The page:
You can add any kind of topping. I used sliced pork as a main topping but you could use sliced beef or chicken. Seafood such as prawns (shrimp), squid, scallops would also be commonly used in Japan. I have tried all of these ingredients and they are superb. Hiroshima is famous for the Hiroshima style okonomiyaki and, you often get oysters as one of the toppings because Hiroshima is also famous for oysters. Modern version of okonomiyaki even has sliced ham, bacon, even cheese as a choice of topping. And of course, you can mix them, too.
It is important to slice the meat thinly so that it cooks quickly and is easier to eat. If prawns (shrimp) are large, I’d suggest that you slice it vertically into two so that the shape of prawns can be retained when placed on top of the batter. I usually prepare squid by slicing into thin strips, scallops into two or three slices.
My okonomiyaki always has an egg in the middle before placing meat/seafood. To make sure that the egg white does not leak outward when placed on top of the batter, I make a well with shredded cabbage so that the egg is surrounded by the cabbage. I then add meat/seafood on top of it.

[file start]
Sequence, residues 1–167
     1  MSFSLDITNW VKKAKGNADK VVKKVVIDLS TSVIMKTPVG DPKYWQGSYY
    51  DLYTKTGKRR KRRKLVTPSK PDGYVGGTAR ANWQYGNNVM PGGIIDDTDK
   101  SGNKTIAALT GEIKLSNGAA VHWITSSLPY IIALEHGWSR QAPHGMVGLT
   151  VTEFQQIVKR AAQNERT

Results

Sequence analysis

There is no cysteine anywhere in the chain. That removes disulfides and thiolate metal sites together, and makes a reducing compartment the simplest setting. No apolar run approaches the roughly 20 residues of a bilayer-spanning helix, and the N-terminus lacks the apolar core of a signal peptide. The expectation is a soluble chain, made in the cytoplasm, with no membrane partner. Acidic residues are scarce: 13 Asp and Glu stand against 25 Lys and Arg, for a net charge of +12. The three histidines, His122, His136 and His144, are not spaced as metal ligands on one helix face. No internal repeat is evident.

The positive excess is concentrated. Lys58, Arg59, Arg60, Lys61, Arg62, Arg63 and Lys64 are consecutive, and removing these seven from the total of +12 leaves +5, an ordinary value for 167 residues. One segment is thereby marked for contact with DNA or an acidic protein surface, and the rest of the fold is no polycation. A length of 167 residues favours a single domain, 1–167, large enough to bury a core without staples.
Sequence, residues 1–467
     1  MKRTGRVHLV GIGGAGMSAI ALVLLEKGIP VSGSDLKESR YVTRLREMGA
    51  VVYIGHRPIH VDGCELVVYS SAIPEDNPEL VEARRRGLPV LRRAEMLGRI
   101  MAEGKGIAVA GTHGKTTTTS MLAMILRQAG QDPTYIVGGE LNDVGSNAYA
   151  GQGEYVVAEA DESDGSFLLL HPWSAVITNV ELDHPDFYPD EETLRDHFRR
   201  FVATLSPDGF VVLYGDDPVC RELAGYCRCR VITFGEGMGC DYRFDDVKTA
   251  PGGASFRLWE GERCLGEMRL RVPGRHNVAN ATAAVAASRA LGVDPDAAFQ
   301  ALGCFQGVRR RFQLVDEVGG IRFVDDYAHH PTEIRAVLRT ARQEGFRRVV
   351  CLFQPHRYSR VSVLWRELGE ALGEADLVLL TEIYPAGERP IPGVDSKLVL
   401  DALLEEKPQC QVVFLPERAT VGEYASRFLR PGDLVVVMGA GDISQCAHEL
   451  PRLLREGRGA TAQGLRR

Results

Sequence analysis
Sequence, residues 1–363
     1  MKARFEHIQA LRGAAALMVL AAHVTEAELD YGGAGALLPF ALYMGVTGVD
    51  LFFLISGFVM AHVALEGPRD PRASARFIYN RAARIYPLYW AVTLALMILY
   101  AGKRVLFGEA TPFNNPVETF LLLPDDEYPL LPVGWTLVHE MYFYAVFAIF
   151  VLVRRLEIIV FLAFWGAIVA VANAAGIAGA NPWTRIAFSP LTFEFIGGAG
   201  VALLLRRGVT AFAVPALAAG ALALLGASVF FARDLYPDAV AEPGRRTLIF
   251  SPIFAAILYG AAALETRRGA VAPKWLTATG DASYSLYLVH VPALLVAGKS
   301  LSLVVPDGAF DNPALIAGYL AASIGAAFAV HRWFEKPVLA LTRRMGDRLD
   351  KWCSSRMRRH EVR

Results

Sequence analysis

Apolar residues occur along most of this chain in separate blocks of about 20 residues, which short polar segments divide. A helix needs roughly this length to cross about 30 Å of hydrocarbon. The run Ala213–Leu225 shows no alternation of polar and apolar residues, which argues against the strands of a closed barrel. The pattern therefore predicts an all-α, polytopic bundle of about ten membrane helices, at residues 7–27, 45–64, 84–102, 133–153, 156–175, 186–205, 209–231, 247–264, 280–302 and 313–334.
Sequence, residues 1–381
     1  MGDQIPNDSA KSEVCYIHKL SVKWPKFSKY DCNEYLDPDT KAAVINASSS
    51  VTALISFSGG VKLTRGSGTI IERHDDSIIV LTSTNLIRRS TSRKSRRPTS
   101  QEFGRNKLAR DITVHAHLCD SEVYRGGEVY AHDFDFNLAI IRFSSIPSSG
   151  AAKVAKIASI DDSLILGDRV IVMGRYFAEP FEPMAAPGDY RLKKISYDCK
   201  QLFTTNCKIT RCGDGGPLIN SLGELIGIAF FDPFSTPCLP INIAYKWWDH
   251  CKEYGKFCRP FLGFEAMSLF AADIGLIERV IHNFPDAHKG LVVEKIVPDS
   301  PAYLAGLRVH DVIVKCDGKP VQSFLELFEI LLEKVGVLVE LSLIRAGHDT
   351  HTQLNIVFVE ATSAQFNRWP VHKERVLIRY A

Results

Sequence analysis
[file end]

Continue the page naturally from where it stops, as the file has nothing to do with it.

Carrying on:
After main topping is placed, I add katsuobushi (dried bonito flakes), then drizzle with some batter so that the toppings are intact when turned over and cooked.
Okonimiyaki is typically served with a sweet/fruity version of Worcestershire sauce. And the sauce needs to be rather thick, not watery. Watery sauce like Worcestershire sauce gets absorbed into the okonimiyaki pancake. So I use the Bulldog brand tonkatsu sauce which is the sweetest and thickest of all in Bulldog brand. You can find more details on Japanese sauces in my post Yakisoba (Japanese Stir Fried Noodles).
Just like the yakisoba sauce, there is a Japanese special sauce for okonomiyaki called okonomiyaki so-su (sauce). I don’t use it but you can of course use it if you like. Okonomiyaki so-su can be purchased at Japanese grocery stores and possibly some Asian grocery stores. If you can’t find any of these, you could mix some tomato sauce/tomato ketchup to Worcestershire sauce as a substitute.
There was no mayonnaise on okonimiyaki originally, but it grew in popularity quickly so now it is more common to be served with rather than without mayonnaise. My children think that okonimiyaki has to have mayonnaise on it but I disagree. I think that the flavor of okonimiyaki gets somewhat lost by adding mayonnaise. But it is just my opinion.